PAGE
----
For many, Christmas is anything but the “most wonderful time of the year.” Rather, it’s the most excruciatingly, painfully dark time of the year. It reminds them of past “would’a-coulda’s” and “should’ve-been’s.” The gifts received are nothing compared to the treasures lost. Christmas, to some, represents a time of year that’s fraught with feelings of failure and loss and rejection and despair. There’s nothing holly and jolly here. Only the difficulties of a season full of palpable pain and pressure.
For whatever reason, though, it always seems as though Christians get a little more testy during the holidays. Perhaps it’s because they feel so acutely the muffled tension between the overt consumerism of the season with the truth of it all muddied in obscurity. Perhaps they’re inundated with the stresses of impressing family members seldom seen and living up to the socially acceptable standards of gift-giving. In any case, Christmas has become such a commercialized event that we hardly pay any mind to its true significance. Such is why we can justify getting offended at red coffee cups and invocations of “Happy Holidays” instead of “Merry Christmas.” And though I hardly wish to broadcast curmudgeonly phrases such as “Put Christ back in Christmas” and “Remember the reason for season” — which have, themselves, become religious tropes that aren’t given the slightest credence — there’s something to be said of the angst we all feel during this season of Advent.
The disquietude that’s experienced, though, isn’t merely something that’s conjured up by societal norms and familial memories, it’s inbred in the season itself. The lights, the sounds, the songs, the decorations, the emotions, the traditions — all the trimmings that gild the holidays collide to forge a season that’s teeming with anticipation, and rightfully so. Advent is itself the anticipation of the Incarnation, which is the anticipation of the Crucifixion, which anticipates the Resurrection and ultimate Glorification of God’s only begotten Son. And in this anticipation, we’re most often greeted with messages and songs that appropriately reflect the glory and grandeur of the season.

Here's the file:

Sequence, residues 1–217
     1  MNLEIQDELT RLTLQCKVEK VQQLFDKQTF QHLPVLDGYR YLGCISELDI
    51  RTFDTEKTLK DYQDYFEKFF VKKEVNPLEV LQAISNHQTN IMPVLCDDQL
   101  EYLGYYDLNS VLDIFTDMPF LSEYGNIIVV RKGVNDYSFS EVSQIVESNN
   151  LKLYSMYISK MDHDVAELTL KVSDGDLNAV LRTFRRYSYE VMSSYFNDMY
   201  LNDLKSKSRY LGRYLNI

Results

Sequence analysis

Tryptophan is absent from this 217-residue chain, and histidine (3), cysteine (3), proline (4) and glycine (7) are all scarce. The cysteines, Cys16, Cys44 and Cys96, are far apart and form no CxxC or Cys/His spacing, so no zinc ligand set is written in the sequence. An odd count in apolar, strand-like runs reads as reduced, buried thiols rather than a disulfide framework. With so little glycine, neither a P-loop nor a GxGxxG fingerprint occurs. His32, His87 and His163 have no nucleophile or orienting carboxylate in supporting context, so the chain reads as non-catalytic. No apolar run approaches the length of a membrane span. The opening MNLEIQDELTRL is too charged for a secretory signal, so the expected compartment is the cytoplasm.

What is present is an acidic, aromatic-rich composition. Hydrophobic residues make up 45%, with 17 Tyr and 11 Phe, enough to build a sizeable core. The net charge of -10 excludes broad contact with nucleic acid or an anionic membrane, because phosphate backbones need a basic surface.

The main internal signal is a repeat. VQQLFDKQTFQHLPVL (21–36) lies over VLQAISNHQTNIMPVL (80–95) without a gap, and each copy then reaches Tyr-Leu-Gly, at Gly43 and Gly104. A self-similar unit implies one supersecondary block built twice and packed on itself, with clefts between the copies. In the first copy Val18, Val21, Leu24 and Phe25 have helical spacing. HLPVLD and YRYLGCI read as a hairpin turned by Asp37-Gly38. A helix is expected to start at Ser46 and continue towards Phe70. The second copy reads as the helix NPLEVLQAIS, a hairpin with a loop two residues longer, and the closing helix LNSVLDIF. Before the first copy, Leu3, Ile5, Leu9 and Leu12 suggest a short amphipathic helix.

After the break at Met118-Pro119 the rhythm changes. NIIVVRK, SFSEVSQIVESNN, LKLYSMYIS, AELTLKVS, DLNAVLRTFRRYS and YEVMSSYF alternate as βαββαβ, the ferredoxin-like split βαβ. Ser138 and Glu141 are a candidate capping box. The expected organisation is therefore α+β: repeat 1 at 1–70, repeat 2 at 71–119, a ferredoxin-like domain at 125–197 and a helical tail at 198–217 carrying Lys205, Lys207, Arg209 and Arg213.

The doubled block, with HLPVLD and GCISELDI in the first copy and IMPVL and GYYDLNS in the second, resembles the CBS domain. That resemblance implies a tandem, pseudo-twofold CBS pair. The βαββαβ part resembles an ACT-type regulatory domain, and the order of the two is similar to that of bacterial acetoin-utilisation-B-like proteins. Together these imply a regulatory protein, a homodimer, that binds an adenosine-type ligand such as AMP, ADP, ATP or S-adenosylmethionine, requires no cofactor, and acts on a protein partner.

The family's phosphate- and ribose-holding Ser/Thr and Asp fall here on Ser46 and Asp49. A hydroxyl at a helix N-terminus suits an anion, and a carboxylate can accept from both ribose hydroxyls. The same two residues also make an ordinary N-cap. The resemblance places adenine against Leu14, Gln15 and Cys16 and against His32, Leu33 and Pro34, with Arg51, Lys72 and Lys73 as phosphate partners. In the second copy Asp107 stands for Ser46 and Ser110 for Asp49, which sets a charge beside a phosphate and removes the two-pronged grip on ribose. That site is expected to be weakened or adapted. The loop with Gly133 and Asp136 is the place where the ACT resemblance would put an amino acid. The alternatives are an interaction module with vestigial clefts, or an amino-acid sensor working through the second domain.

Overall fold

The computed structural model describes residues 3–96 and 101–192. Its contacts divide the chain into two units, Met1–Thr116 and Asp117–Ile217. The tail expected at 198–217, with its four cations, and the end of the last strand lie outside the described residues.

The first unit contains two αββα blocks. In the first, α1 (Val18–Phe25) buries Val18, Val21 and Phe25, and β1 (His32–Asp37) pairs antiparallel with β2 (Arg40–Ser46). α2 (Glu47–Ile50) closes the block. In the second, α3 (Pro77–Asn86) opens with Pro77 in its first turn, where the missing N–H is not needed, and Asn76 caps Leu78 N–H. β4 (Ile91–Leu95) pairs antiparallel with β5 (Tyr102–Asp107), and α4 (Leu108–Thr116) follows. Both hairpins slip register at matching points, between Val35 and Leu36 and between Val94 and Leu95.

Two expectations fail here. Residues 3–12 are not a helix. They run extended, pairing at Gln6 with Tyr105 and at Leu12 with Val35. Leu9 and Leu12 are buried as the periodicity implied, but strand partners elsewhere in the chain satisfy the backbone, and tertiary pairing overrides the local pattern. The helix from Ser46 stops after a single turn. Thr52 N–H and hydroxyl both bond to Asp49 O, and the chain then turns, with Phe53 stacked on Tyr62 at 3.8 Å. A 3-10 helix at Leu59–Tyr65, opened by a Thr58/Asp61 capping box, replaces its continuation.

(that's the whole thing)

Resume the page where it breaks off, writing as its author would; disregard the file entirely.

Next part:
The fact of Jesus’s arrival in our world is one that remains out of the reaches of human comprehension. The notion that God himself would become flesh, that deity would take on humanity, defies all mortal logic and surpasses the borders of our finite minds. And that’s the point. The anticipation that’s felt during advent is there to remind us that we don’t, nor can we ever, fully understand what God did through his Son becoming a human baby. It’s supposed to be something we marvel at, something that makes our jaws drop with wonder, something that we commemorate and celebrate. Such is why, as Advent comes upon us, that the church ought to relish the remarkable opportunity it has to shine a bright light on the glad tidings of God coming in search of us.
The Incarnation of God in Christ in the world is quite literally the embodiment of the Creator’s grace to his creatures, unsought, unseen, and unstoppable. The tension of Jesus’s descent into humanity ought to be felt and embraced. This is prime real estate for the Spirit of God to pierce our souls and stir us to remember the uncanny nature of his redemption of sinners. For it is in our depravity and darkness that the Messiah comes. He comes to us as we are in the pit of rebellion and vice, not ascending the mountains of virtue. He who once formed worlds and suspended stars and held infinity in his hands now appears as a small, insignificant infant. He willingly stepped into the muck and mire, the trouble and tragedy of a world we perverted, that he might perfect it in his grace. “God in his crooked wisdom,” says Robert Capon, “has not taken the disasters out of life, he has become our Life in the midst of the disasters.” (152)